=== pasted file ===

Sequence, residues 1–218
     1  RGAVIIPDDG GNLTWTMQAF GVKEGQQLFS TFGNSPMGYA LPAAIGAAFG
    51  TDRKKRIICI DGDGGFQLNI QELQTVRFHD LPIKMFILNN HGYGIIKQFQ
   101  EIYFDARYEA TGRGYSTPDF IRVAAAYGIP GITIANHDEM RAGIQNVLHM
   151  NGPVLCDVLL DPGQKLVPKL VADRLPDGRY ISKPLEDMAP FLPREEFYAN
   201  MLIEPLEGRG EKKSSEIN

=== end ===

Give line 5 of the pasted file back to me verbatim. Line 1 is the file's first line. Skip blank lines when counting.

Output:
   151  NGPVLCDVLL DPGQKLVPKL VADRLPDGRY ISKPLEDMAP FLPREEFYAN